Kingsolver, Barbara "Prodigal Summer" - 2001
"Three interwoven love stories set in the Appalachian farmlands, US. The first - involving a reclusive wildlife ranger and a young hunter, the second, a young widow taking over her husbands farm, and the third - between two old cantankerous farmers, one a traditional farmer and the other organic. As always with Kingsolver, nature and the environment rule!"
So far, I liked all the Barbara Kingsolver's books I've read. I like her style, the way her characters come alive. This one involves a lot of family history, the different people in the book all seem to have some links to each other, but there is also quite a bit about nature protection which I liked a lot but some other book club members have found a little "too much".
Anyway, if you are a fan of Barbara Kingsolver and similar writers, you will like this one, as well. A book that gives you a nice feeling.
I have also read other books by Barbara Kingsolver, you can find my reviews here.
We discussed this in our book club in January 2003.
Book Description: "Prodigal Summer weaves together three stories of human love within a larger tapestry of lives inhabiting the forested mountains and struggling small farms of southern Appalachia.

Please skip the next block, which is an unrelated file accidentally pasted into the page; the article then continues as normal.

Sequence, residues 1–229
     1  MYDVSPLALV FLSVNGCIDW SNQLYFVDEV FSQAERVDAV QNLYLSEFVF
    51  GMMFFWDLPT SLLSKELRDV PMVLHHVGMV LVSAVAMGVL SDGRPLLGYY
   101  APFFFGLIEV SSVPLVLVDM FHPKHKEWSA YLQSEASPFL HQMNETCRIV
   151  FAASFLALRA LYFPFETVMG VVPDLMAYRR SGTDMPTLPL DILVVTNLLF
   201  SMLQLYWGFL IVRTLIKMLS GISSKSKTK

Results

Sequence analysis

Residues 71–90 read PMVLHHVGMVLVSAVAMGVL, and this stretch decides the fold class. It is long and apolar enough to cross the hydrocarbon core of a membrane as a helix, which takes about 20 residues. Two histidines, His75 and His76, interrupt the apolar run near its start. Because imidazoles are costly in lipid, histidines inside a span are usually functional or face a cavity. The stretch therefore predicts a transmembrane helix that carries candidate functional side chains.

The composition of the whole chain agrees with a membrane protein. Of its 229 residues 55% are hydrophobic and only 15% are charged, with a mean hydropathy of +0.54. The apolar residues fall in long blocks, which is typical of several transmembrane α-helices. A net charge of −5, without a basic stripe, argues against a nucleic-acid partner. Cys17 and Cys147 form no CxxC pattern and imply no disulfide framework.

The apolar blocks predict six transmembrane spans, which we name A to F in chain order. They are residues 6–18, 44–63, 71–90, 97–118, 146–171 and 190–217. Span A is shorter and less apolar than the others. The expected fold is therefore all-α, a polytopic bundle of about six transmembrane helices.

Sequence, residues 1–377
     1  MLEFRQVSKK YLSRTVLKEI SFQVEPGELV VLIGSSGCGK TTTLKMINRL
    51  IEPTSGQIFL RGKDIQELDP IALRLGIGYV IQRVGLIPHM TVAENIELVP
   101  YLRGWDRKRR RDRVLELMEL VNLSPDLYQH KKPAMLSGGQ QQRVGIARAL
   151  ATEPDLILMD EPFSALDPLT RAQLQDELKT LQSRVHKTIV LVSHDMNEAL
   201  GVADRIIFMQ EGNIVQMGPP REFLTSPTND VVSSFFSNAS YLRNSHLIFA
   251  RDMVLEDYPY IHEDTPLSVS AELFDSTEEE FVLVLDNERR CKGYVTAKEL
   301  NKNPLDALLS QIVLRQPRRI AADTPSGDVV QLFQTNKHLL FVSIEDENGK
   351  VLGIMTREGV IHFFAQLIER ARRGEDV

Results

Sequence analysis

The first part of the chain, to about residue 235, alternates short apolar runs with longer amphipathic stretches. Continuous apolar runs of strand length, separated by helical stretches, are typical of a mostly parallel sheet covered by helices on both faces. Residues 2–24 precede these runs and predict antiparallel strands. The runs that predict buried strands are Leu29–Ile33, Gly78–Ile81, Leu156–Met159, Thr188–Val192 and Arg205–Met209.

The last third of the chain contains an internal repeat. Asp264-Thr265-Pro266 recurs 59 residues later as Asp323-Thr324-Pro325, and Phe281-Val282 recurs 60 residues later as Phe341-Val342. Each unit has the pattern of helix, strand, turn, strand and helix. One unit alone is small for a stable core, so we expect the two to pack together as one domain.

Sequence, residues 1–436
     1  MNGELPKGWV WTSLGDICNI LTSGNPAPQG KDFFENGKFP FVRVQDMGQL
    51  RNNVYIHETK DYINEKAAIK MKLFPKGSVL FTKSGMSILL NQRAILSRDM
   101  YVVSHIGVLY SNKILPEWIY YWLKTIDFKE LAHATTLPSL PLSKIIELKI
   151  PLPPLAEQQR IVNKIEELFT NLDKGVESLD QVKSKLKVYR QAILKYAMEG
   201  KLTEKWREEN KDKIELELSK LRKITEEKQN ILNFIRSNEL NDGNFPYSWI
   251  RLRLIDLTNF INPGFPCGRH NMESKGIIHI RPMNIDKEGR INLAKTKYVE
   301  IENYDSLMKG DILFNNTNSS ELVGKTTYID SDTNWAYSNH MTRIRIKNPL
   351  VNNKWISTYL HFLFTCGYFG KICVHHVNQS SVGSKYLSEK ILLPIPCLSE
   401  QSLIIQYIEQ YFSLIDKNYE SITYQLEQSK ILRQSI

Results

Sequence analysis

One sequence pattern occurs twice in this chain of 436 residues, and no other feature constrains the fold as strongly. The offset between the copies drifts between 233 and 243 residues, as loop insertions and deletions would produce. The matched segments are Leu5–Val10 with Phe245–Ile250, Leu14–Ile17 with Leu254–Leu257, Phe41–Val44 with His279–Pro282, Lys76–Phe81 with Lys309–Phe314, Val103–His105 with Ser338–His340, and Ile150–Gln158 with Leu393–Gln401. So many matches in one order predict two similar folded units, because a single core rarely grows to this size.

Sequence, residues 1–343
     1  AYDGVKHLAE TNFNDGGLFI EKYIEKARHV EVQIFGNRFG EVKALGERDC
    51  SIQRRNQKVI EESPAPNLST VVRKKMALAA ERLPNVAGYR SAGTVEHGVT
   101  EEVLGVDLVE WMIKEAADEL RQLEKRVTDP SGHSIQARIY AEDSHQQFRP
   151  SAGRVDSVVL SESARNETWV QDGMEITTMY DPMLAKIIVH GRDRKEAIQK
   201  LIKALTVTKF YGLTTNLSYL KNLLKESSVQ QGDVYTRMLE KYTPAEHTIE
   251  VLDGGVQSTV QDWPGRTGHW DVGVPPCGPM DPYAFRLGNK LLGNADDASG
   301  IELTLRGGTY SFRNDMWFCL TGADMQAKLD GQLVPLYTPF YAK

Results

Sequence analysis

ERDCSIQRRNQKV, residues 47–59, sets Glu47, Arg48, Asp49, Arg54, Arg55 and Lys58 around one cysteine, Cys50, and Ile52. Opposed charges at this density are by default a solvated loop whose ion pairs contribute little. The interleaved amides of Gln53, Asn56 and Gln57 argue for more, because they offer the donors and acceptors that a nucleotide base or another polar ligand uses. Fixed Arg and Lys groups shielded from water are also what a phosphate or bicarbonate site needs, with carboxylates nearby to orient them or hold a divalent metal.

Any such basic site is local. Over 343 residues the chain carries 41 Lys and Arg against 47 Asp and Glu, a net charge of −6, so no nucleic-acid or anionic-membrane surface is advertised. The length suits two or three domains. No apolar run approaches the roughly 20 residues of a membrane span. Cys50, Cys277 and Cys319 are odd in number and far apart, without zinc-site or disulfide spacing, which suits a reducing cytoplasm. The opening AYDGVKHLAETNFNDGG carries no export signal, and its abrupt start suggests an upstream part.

From her outpost in an isolated mountain cabin, Deanna Wolfe, a reclusive wildlife biologist, watches a den of coyotes that have recently migrated into the region. She is caught off guard by a young hunter who invades her most private spaces and confounds her self-assured, solitary life. On a farm several miles down the mountain, Lusa Maluf Landowski, a bookish city girl turned farmer's wife, finds herself unexpectedly marooned in a strange place where she must declare or lose her attachment to the land that has become her own. And a few more miles down the road, a pair of elderly feuding neighbours tend their respective farms and wrangle about God, pesticides, and the possibilities of a future neither of them expected.
Over the course of one humid summer, these characters find their connections to one another and to the flora and fauna with whom they share a place. Prodigal Summer demonstrates a balance of narrative, drama and ideas that is characteristic of Barbara Kingsolver's finest work."